Midtown

Walmart wins challenge over Midtown Miami store

Big store: An architectural rendering of the 203,000-square-foot, three-story superstore that Walmart wants to build in Midtown Miami.
Big store: An architectural rendering of the 203,000-square-foot, three-story superstore that Walmart wants to build in Midtown Miami.

A proposed Walmart superstore in Midtown, delayed for more than a year by legal challenges, looks like it’s a go after the company won an appeal this week in Miami-Dade circuit court.

In a ruling filed Aug. 24 and received days later by the parties involved, a panel of the court’s appellate division sided with the city of Miami and Walmart Stores East, which had been sued — again — by several Miami residents hoping to stop the development of a city-approved 203,000-square-foot, three-story superstore.

In a statement, Walmart spokesman William Wertz said the company is looking forward to opening in Midtown. The project is bounded by Northeast 29th and 31st streets, and North Miami Avenue and Midtown Boulevard, at Midtown Miami’s south end. That site is a vacant field that sits next to a mural of LeBron James that was defaced.

“This decision brings Walmart one step closer to providing hundreds of new jobs and affordable grocery options to residents in nearby Wynwood, Overtown, Allapattah and Downtown Miami,” Wertz said.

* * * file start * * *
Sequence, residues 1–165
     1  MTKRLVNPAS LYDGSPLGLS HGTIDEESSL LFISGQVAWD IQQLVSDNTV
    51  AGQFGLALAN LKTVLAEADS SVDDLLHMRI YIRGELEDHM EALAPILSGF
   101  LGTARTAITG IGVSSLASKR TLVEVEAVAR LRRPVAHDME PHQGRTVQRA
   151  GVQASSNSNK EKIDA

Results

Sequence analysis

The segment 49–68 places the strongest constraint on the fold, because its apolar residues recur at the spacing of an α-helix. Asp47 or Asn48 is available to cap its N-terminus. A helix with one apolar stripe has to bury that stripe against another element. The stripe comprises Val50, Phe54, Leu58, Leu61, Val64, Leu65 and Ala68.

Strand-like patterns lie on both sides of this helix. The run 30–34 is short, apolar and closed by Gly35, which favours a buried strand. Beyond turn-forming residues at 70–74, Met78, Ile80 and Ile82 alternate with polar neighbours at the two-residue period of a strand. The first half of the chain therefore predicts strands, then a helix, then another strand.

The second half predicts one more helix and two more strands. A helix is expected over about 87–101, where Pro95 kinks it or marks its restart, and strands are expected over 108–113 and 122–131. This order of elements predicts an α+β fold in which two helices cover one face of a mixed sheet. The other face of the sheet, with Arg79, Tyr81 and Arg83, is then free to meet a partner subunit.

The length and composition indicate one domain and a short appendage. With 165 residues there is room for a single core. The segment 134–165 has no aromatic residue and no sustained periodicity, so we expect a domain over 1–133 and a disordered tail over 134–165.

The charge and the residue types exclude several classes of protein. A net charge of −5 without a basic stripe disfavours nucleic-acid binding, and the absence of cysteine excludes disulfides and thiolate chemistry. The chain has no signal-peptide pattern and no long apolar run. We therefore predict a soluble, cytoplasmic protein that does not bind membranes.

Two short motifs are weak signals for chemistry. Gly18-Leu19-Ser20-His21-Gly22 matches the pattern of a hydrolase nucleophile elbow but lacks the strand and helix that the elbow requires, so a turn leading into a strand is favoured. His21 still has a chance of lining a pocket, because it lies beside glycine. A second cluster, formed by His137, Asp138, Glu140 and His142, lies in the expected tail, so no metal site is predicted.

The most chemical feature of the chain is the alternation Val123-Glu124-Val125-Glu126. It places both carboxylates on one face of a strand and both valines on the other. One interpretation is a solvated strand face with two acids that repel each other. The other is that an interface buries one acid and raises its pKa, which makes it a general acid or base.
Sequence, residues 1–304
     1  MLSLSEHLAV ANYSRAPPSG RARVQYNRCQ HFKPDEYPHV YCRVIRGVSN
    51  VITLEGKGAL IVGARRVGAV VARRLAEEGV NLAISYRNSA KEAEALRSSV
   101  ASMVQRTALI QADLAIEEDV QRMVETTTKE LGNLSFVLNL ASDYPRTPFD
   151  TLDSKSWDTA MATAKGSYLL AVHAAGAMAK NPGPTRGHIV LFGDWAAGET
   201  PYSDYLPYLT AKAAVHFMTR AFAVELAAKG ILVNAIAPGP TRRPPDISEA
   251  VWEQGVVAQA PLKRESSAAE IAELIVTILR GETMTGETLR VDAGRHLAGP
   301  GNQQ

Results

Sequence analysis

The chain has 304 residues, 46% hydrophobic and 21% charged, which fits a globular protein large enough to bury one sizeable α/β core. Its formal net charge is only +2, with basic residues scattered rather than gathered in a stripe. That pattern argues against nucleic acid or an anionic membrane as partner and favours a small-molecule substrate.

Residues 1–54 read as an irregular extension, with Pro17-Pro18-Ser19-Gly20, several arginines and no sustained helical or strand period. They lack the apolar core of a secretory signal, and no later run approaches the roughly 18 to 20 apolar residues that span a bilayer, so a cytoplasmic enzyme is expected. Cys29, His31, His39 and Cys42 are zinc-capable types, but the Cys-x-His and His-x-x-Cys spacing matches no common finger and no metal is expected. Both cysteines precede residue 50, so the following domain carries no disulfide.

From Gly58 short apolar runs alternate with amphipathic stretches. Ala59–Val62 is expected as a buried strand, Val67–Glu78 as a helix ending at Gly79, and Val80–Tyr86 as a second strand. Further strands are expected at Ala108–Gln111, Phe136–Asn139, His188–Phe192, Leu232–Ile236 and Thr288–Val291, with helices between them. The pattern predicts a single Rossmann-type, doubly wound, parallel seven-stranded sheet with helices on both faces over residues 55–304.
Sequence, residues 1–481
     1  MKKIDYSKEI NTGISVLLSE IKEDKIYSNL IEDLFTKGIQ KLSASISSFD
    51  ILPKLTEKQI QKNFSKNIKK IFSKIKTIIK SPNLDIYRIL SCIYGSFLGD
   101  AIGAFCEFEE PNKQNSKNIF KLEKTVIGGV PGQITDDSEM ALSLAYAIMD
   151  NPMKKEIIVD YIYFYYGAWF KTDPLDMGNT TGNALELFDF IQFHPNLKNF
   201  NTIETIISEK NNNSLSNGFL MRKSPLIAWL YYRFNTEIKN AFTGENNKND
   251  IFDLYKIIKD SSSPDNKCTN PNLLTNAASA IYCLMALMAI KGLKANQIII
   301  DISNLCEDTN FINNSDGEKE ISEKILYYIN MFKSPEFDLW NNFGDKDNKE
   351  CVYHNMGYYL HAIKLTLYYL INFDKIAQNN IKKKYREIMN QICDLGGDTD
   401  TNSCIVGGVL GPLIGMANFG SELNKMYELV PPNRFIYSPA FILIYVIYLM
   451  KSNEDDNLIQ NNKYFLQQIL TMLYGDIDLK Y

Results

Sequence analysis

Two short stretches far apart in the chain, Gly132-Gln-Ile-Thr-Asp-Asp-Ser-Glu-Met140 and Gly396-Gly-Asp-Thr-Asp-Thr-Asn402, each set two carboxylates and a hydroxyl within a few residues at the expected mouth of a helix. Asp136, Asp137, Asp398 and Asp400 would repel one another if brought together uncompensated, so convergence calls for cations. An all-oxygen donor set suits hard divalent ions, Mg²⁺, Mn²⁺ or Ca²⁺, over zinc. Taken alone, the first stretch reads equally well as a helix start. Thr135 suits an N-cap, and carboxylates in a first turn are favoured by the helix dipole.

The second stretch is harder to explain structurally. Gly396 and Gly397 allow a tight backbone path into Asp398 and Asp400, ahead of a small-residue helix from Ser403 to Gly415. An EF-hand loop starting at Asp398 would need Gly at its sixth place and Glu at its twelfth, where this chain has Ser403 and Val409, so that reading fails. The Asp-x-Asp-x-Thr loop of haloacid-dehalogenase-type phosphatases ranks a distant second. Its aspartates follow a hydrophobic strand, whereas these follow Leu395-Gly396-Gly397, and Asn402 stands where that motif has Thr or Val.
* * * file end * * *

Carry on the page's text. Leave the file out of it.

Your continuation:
Residents first sued the city in late 2013, after the city approved the proposed store. Miami was ordered by the court last year to reconsider the project after it improperly granted Walmart a variance for five loading berths, when only three berths were allowed. The plaintiffs challenging the project had argued that because Walmart’s project required variances, the city should have forced the company to seek a special permit that required multiple public hearings.

The ruling last year, they argued, meant Walmart had to start from scratch.

But the city responded by simply rehearing an appeal of Walmart’s permit, and allowed Walmart to change its plans on the fly by cutting two berths and turning them into staging areas. So the plaintiffs — who said the changes to the plans were merely cosmetic — sued again.

Following an Aug. 20 hearing, the judicial panel sided with Walmart, and dismissed the case without comment. The plaintiffs can file for a rehearing, or seek an appeal, but their attorney, Paul Savage, said Saturday that he didn’t know whether they’d pursue those options. Walmart was represented by attorney Richard Lydecker.

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